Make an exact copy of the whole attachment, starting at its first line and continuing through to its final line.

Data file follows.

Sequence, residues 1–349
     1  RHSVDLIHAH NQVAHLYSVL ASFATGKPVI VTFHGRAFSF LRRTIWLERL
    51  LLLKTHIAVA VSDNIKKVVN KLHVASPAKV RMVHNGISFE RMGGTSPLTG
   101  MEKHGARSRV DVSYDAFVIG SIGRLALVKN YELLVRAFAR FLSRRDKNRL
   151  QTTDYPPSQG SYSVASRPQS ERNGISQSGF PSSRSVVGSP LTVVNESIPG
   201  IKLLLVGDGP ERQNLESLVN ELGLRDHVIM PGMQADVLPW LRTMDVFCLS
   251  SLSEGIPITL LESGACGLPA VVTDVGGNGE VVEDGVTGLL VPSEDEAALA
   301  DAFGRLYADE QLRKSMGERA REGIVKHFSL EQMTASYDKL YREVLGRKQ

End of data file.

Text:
Sequence, residues 1–349
     1  RHSVDLIHAH NQVAHLYSVL ASFATGKPVI VTFHGRAFSF LRRTIWLERL
    51  LLLKTHIAVA VSDNIKKVVN KLHVASPAKV RMVHNGISFE RMGGTSPLTG
   101  MEKHGARSRV DVSYDAFVIG SIGRLALVKN YELLVRAFAR FLSRRDKNRL
   151  QTTDYPPSQG SYSVASRPQS ERNGISQSGF PSSRSVVGSP LTVVNESIPG
   201  IKLLLVGDGP ERQNLESLVN ELGLRDHVIM PGMQADVLPW LRTMDVFCLS
   251  SLSEGIPITL LESGACGLPA VVTDVGGNGE VVEDGVTGLL VPSEDEAALA
   301  DAFGRLYADE QLRKSMGERA REGIVKHFSL EQMTASYDKL YREVLGRKQ